B-kyu Gurume – Delicious Eats in Japan

We’re ready for the new year, we’re ready to eat some delicious Japanese food!

We’re starting this new year by talking about B-kyu gurume!  Have you all heard of this Japanese cuisine before?

B-kyu gurume is a uniquely Japanese style of “B-class” gourmet food that’s typically prepared in small restaurants, using inexpensive and local ingredients.  It’s typically hearty, filling, and delicious!

B-kyu gurume food is familiar to many people who enjoy Japanese food.  Dishes such as yakisoba, monjayaki (pictured below), and kushikatsu are common B-kyu gurume foods.  B-kyu gurume cuisine uses regionally-sourced, inexpensive, and humble, down-to-earth ingredients.  Dishes are often prepared at mom and pop-type restaurants and izakaya.  The result of these dishes are comforting, filling, and tasty!

The concept of “B-class” gourmet food originated during the 1980’s in Japan.  With economies booming all over the world, Japanese residents and tourists started to enjoy expensive meals at high-end restaurants.  Meals found at local izakaya were considered second rate, earning them a “B-class” rating.  Not so surprisingly, the food was so delicious and appealing to all, that it became considered as gourmet.  When global economies slowed down a decade later, what was considered “B-class” became mainstream.

B-kyu gurume cuisine is also highly regional.  Because of the flagging economic situation during the cuisine’s inception, restaurateurs created dishes that were based on regional tastes using local ingredients to attract diners, eventually popularizing this type of cuisine.

One of the most iconic B-kyu gurume dishes is motsunabe.  Motsunabe is a hotpot dish made of cow or pig offal cooked in a broth flavored with leeks, garlic, chili peppers, and other seasonings.  It is a popular local dish in and around the cities of Fukuoka and Shimonoseki in southern Japan. Motsunabe is exemplary of B-kyu gurume cuisine because it is filling, made from local, inexpensive ingredients, and is highly regional.

Yakisoba, especially in the style found in Fujinomiya in Shizuoka Prefecture, is another flagship B-kyu gurume dish.  Fujinomiya yakisoba is made with chewy lo mien-style noodles, which are made using inexpensive wheat and local spring water from Mt. Fuji, nikukasu, a meat residue left after processing lard, bonito flakes, and dried mackeral or herring powder.  Along with Fujinomiya yakisoba, senbei-jiru — a soy-flavored rice cracker soup from Hachinohe in Aomori Prefecture is also a favorite B-kyu gurume food.

Many varieties of Ramen, okonomiyaki, takoyaki and Fukagawa meshi, or clams with miso broth, are also among the list of B-kyu gurume dishes, and you’re sure to find any number of localized, specialty dishes across Japan.

We hope you’ve had B-kyu gurume dishes before…and if not, we wish you delicious eating as you find some of these dishes in Japan and in the U.S.  Enjoy!

 

Foreign Foods in Japan – Baumkuchen!

We’re ending our year of Foreign Foods in Japan on a sweet note, with a luscious cake that spans the globe: baumkuchen!

Known as “The King of Cakes”, baumkuchen is most notably a German cake. Variations are claimed by other European nations as far back as Ancient Roman times, but the true delicacy of this spit-roasted cake was perfected in Germany. A baumkuchen cake is made with simple ingredients, like flour, butter, eggs and sugar. The beauty of this cake is that it is painstakingly made, with layers upon layers of sweet sponge cake batter roasted on a rotisserie-style spit, each layer cooked until golden and delicious.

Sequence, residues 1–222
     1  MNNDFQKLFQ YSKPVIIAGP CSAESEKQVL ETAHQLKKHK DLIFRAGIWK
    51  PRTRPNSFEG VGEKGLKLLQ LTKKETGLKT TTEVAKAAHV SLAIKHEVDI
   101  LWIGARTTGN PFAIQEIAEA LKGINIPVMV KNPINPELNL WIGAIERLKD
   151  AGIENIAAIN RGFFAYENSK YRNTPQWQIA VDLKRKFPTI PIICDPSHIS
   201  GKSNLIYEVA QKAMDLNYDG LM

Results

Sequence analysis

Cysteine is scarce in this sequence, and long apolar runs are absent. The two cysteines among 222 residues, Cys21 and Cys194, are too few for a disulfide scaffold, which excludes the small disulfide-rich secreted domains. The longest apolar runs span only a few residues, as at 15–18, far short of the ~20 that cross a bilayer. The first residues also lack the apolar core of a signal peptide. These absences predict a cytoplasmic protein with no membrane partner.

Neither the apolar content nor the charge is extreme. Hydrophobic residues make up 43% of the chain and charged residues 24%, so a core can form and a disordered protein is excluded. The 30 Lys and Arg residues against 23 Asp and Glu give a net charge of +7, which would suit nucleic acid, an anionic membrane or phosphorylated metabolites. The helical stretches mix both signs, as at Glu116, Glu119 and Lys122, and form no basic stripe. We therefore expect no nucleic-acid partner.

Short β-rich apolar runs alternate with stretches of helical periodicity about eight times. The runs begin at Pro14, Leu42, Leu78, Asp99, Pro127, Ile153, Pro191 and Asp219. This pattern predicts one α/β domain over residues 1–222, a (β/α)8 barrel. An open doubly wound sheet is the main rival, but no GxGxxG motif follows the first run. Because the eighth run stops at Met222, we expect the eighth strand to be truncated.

Traditional baumkuchen were made over charcoal or open flames. The base layer was coated on the spit, cooked all the way through and then coated with another layer, which in turn was cooked over the heat. The process was repeated up to 20 times, resulting in golden lines between each layer of cake. The overall effect was similar to the growth rings found in tree trunks, hence the name baumkuchen, which literally translates to “tree cake”. This tree cake, inspired by German forests and open-flamed cooking methods, was transplanted to Japan!

Baumkuchen was first introduced in Japan during World War I. The Japanese Army captured a German expat named Karl Juchheim, who owned a pastry shop while living in Tsingtao, China, during the war. He was interred along with other Germans in Ninoshima Island of Hiroshima Prefecture. In 1919, an exhibition of commercial goods made by the prisoners of the camp was hosted by the Japanese, and Juchheim created his famous baumkuchen cake in a show of German pride for the exhibition. Needless to say, the cake was a smashing hit! Following the end of the war, Juchheim stayed in Japan and opened his eponymous shop. Known as a Master Baker or “Meister”, Juchheim offered the cake to an avid Japanese market.

Today, baumkuchen is prized all over the world. The cake is made in specialized ovens instead of over an open flame and found in specialty bakeries in Japan. The ovens are so prized that the first one was only recently sold in the United States!

In Japan, baumkuchen is a popular return gift at weddings, not only because of its lovely ring shape – which symbolizes love and adoration – but also because of its intricacy and fancy preparation. The ring pattern and light sweetness of the cake make it a perennial favorite, and we hope that the same sweetness and light follow you into 2020! Happy New Year!

Foreign Foods in Japan –
Piroshiki!

So many of our Foreign Foods in Japan have come from Europe, the US and China, so this month we’re finally focusing on Japan’s neighbor to the north…Russia!

Piroshiki are hand-held dough pockets filled with various types of fillings. The original dish from Russia is spelled as pirozhki, piroshki or when plural, pirogi or pierogi. In Russia, pirozhki can be found all over the place, made at home, in restaurants and at street food stalls. The Russian version is commonly filled with meat, vegetables, cheese and infrequently fish, when savory, or with fruit and jam when sweet. The dough is typically a yeast dough, leavened and brushed with egg wash, and the entire pocket is baked in a hot oven…perfect for the cold Russian climate!